30/03/2021

I think the pandemic has taught some of us more empathy

Kiwi Patel
Kiwi Patel

Police officer working in London

This year we’re working with Mind’s Blue Light programme to support the mental health of the UK’s emergency services, and to share stories of their experiences during the pandemic.

I’m Kiwi, and I joined the police force in 2012 – just after I was diagnosed with leukemia. I literally went from cancer to copper! Right now, I am working within the Youth Engagement team, supporting frontline officers to improve their approach to younger people.

I have had some tough experiences in the past – I had a major breakdown in 2015, in part because of my illness, my divorce, and going through six bereavements​Dealing with death and grief: Dying Matters PDF COVID-19 is causing many people to die before their time. This can be very distressing for those who work with vulnerable people, who not only may feel bereaved themselves but may also have to support patients' friends and family. This guide can help.Free By: Hospice UK / Dying Matters View resource in just seven months. But, when it came to work, I felt like I was able to just “get on with it” and luckily haven’t experienced any seriously traumatic incidents​Self support techniques after a traumatic incident PDF Healthy processing of traumatic incidents is essential in policing to reset your stress response, to file events as past, and to move on to the next job. This guide can help.Free By: Police Dependants’ Trust View resource on the job.

I’m an extrovert, and it was hard to adjust

However, when the pandemic began, things changed. Because of my history of leukaemia, I was told I was clinically vulnerable, and I needed to shield. This meant staying at home, and not seeing any family or friends at all even when restrictions were lighter. My work has changed too – instead of meeting people face-to-face, I am now only seeing people online​Ways to make video calls less stressful Web page Video calls can be more stressful than a face-to-face chat. This quick guide from Leapers offers tips and hints on reducing anxiety before and during these calls.Free By: Leapers View resource. This had a big impact on my mental health – just not having that connection with others affected me. I’m an extrovert, and it was hard to adjust to this new way of living.

A man gazes out of the window.

I was worried that I might end up using alcohol​How much is too much? Know your alcohol limits Web page Stress and anxiety can cause our use of alcohol to increase, and it's sadly all too easy to miss the signs that your drinking habits have become problematic. This might be even more of an issue for the fire service than it is for other industries.Free By: The Fire Fighters Charity View resource as a crutch to get through this difficult time. It’s a problem I have experienced in the past. And so, I made a conscious effort to avoid drinking too much. I still enjoy a beer, but I know your alcohol consumption can rise when you’re in a challenging situation. It can help numb the pain in the short-term, but it’s much worse for you in the long run, so I was determined not to fall into that trap.

Instead, I decided to focus on my fitness​Importance of being active PDF This one-page PDF from Unilever suggests three tests you can perform to test your own flexibility and balance, which are key indicators of your physical health.Free By: Unilever View resource. I picked some goals to work towards, like the 2.6 challenge. This encourages you to take part in an activity you enjoy while raising money for charity. You don’t need to be a big strong person who goes to the gym and bench presses 200 kilos to be able to enjoy fitness – for some people, just standing up from their chair and sitting down again could be exercise.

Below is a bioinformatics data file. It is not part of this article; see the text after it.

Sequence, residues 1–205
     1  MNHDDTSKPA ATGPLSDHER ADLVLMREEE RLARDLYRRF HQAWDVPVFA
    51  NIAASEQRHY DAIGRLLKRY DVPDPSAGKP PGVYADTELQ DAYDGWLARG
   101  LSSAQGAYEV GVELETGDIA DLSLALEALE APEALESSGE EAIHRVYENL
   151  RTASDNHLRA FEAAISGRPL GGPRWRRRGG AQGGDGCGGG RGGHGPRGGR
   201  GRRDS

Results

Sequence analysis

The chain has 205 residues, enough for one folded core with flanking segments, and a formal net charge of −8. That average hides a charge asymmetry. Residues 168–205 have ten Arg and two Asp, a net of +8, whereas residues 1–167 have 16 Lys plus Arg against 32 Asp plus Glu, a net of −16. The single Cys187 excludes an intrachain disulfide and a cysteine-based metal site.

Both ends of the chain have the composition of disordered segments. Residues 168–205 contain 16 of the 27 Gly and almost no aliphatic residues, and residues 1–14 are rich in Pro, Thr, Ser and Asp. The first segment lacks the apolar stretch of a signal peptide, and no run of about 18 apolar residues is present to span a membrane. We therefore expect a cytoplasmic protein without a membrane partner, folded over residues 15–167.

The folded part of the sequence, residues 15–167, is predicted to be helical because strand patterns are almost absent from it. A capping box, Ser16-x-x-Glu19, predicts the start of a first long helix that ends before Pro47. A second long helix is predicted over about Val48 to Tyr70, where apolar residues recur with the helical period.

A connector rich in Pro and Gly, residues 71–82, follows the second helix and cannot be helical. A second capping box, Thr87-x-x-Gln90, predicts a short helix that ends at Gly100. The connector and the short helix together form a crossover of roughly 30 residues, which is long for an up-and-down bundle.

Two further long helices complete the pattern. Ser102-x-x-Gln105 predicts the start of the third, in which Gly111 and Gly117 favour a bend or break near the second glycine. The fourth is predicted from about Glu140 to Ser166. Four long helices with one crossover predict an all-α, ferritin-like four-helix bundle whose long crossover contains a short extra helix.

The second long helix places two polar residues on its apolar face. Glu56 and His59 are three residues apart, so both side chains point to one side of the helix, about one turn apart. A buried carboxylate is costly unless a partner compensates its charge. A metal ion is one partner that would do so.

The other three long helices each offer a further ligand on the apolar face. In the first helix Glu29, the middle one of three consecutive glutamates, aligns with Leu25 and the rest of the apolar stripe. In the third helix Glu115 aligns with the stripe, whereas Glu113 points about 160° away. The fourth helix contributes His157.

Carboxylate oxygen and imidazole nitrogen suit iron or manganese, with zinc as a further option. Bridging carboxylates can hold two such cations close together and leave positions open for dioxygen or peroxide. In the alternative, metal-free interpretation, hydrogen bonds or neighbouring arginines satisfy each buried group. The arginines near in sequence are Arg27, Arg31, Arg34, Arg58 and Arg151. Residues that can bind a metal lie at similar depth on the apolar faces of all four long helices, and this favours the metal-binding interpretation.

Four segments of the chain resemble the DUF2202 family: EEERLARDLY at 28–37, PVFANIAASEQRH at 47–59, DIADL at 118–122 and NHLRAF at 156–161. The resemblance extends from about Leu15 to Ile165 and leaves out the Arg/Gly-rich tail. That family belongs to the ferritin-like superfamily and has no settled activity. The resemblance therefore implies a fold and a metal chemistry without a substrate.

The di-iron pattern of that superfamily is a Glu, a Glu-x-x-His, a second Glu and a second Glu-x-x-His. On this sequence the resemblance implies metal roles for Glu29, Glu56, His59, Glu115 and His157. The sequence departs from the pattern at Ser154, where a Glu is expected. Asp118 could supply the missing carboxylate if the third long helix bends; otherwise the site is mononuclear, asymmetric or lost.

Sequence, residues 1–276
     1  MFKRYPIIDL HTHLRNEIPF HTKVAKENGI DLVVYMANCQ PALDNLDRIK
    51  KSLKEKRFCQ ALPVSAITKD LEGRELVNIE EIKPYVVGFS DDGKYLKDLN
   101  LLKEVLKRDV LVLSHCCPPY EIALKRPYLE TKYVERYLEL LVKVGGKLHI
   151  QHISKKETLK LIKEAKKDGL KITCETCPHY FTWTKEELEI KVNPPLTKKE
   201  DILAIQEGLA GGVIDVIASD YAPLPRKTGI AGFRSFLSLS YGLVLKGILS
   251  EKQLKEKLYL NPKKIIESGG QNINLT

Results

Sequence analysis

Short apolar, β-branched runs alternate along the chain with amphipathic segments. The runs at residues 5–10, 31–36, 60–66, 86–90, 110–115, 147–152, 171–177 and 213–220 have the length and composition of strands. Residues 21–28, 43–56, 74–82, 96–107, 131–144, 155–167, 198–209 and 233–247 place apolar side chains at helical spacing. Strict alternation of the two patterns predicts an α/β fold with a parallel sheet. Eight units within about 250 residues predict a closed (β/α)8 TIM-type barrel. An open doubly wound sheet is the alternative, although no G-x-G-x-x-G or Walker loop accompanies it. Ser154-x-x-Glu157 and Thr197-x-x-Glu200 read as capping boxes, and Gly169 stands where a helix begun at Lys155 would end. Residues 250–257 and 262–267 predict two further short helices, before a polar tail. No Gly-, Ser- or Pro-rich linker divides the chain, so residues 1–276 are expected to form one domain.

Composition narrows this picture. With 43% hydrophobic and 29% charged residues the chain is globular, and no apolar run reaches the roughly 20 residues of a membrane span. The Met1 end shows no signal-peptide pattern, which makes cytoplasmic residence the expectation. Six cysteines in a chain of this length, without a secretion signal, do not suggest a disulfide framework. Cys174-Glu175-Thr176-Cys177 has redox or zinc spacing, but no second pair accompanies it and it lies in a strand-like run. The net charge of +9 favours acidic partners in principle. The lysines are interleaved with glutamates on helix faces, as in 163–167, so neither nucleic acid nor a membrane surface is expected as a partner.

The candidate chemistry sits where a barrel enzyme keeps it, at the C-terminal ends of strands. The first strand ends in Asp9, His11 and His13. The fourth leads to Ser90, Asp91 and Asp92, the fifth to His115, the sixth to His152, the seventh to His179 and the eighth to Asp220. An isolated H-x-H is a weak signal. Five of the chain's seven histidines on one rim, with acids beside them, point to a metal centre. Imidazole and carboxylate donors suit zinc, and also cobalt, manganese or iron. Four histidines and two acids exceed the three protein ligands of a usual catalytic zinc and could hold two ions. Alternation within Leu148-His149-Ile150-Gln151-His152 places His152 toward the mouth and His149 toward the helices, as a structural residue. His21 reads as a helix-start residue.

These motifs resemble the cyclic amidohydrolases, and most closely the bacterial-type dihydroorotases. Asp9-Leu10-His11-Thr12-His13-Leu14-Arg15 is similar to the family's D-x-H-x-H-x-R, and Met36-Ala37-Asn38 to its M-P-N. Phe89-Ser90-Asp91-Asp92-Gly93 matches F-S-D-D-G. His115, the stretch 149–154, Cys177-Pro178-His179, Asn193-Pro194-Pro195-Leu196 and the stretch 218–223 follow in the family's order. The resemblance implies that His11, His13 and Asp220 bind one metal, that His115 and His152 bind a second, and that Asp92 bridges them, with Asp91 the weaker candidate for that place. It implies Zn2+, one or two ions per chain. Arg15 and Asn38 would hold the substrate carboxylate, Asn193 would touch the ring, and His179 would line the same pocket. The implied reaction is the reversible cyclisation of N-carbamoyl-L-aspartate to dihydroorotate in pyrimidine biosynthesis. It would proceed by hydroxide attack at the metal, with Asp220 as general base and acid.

We’re going to find some things difficult and awkward

When it comes to returning to normal, I think it’s important to remember that being social is a skill. And, like any skill, while we’ve not been using it, we might be out of practice when we go back out into the world. I think of it like being an Olympic athlete: if you ran the 800 metres and set a world record, but then went home and sat on your sofa for a year, you’re not going to be able to jump up and run just as fast again straight away. It’s going to be the same when we start going back out into the world and seeing people again. We’re going to find some things difficult and awkward, but that’s okay.

Credit City London Police

Photo from City of London Police

In some ways, I think the pandemic has taught some of us more empathy. Before, if someone with a lot of money was feeling lonely or bored, they could plan a nice holiday or go out to a restaurant. But the coronavirus has levelled the playing field, and people are understanding what it is like when you can’t do all the fun things you enjoy. Some people were able to use their money to fill voids in their life, but now they see and understand loneliness and anxiety​Managing anxiety during the coronavirus crisis Website Education Support have put together a series of resources to help teachers and educators to cope with feelings of anxiety caused by the COVID-19 crisis.Free By: Education Support View resource that they might not have done before. I hope this leads to more compassion for others going forward.

If the issues in this article feel familiar, we hope you’ll share it with colleagues, friends or family to help us spread awareness of the reality of life for emergency responders – and to encourage colleagues to seek help when they need it.

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